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00000177-6edd-df44-a377-6fff43300000Hundreds, possibly thousands of people in the U.S. have been wrongfully convicted of crimes they did not commit. Some of them spent decades behind bars or on death row before being declared innocent. Many of them still remain imprisoned.The Innocence Network is an affiliation of organizations that work to free innocent people from prison. In April 2013, over 100 exonerees gathered in Charlotte for the Innocence Network Conference. WUNC sat down with ten exonerees to hear about their experiences for the After Innocence: Exoneraton In America web series. Below you can watch all ten videos at once or get the individual stories from the exonerees (their individual video will be linked to each full story). Watch the 10 videos - click to play all:00000177-6edd-df44-a377-6fff43300003Here are all the individual stories:

After Innocence: 27 Years In Prison, Exoneree Now Works To Free Others

Exoneree Charles Chatman spent 27 years in prison an innocent person.
David Persoff

One of the longest prison sentences ever served by an innocent person was done by Charles Chatman of Dallas County Texas. Chatman, a black man, was wrongfully convicted of raping a white woman in 1981 and sentenced to 99 years in prison. He served nearly 27 years before he was exonerated in 2008. Although he went before the parole board multiple times during his sentence, he was never granted parole because he never admitted guilt.

Chatman’s case is not uncommon in the pool of wrongful convictions.  A white rape victim misidentified a black man as her perpetrator, and a nearly all-white jury decided his guilt based mostly on the victim’s testimony. Chatman, who was on probation for another crime at the time of his conviction, was absolutely stunned.  He never thought he would be found guilty, and when he was, his anger ballooned. He knew his conviction was racially charged.

“I was angry while I was incarcerated for a long time,” Chatman said in an interview with WUNC at the Innocence Network Conference in April.  He directed his anger towards white people and said that for a time in prison, “I would not associate with anybody other than black people.”

But like many other wrongfully convicted inmates, he came to the conclusion that he had to let his anger go.

“Thank God one day I realized that it was hurting me, more than it was hurting anybody else,” Chatman said. “They had my body incarcerated; I didn’t have to give them my mind, too. And when I realized that, that’s when I started feeling better.”

Chatman was exonerated in 2008, when DNA testing technology evolved to a point that allowed the tiny amount of DNA collected in the victim’s rape kit to be tested. It cleared Chatman of any suspicion of guilt, and his conviction was overturned.  Chatman was free, but lost.

"Societies have not set up any means for an exoneree when they get out." -- Charles Chatman

“Once we leave out of that courtroom, once the fanfare and all that is over with—what are we do to then? What are we to do the next day?” Chatman said, speaking for himself and fellow exonerees. “We knew yesterday that we had a bed –a bunk—to go to sleep. Once we get out, we don’t even know where we’re gonna sleep that night or what we’re gonna wear, what we’re gonna eat, because societies have not set up any means for an exoneree when they get out.”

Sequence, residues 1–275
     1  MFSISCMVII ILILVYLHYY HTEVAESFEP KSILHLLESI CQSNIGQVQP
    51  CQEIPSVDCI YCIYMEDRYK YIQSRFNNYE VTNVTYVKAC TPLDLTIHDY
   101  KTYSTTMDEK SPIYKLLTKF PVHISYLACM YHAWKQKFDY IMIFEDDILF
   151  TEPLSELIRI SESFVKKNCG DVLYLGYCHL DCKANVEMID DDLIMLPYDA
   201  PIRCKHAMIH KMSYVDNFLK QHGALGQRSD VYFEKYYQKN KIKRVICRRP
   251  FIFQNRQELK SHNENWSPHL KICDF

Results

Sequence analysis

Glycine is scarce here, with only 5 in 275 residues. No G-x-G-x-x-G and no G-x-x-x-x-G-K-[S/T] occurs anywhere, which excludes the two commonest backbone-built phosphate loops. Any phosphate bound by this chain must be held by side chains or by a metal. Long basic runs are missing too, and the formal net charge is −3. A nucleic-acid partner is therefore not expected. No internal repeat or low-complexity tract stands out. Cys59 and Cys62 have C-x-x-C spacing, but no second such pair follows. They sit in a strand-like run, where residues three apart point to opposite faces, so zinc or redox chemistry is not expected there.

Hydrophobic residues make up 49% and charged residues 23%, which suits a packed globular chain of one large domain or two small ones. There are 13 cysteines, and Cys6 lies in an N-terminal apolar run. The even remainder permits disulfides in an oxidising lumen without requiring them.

Unlike parolees, exonerees receive no immediate aid from the government when they leave prison. Chatman’s family members assisted him with basic tasks like getting a Social Security Card, a driver’s license, and a cell phone. They helped him search for an apartment. But despite his family’s help, Chatman still struggled to find a job. His 27-year employment gap was a major deterrent for potential employers.

“If I was a guilty person and got out on parole, society has all kind of reintegration programs for a parolee,” Chatman said. “We have none of that.” The lack of help he received from the government led him to want to help other exonerees.

Chatman now spends his free time helping the House of Renewed Hope, an organization started by exoneree Christopher Scott that works to free other innocent people from prison.  Chatman is part of the investigation team, a group of exonerees that seeks to get wrongfully convicted people access to DNA tests and legal aid. They also help exonerees reintegrate into society when they leave prison.

Charles Chatman
Credit David Persoff
Charles Chatman

“A guy comes out [of prison] in Texas, we make sure he has something to eat. We make sure he has a place to sleep that night,” Chatman says. “Because all of us don’t have families to go back to. You done been incarcerated 20, 30 years, you done lost major family members—mothers, fathers—you have nowhere to go. We don’t want the exonerees of Texas to have to do that. We don’t want the exonerees nowhere to have to do that.”

House of Renewed Hope has released a book called MAN TO MAN: Stories, Encouragement, and Advice for Newly Released Exonerees, Written by Exonerees. The text is free for exonerees and people waiting to be exonerated. The organization is currently working on the case of Jimmy Lee Osteen, a man serving a 75-year prison sentence for aggravated robbery.


Laura moved from Chattanooga to Chapel Hill in 2013 to join WUNC as a web producer. She graduated from the Salt Institute for Documentary Studies in the spring of 2012 and has created radio and multimedia stories for a variety of outlets, including Marketplace, Prairie Public, and Maine Public Broadcasting. When she's not out hunting stories, you can usually find her playing the fiddle.
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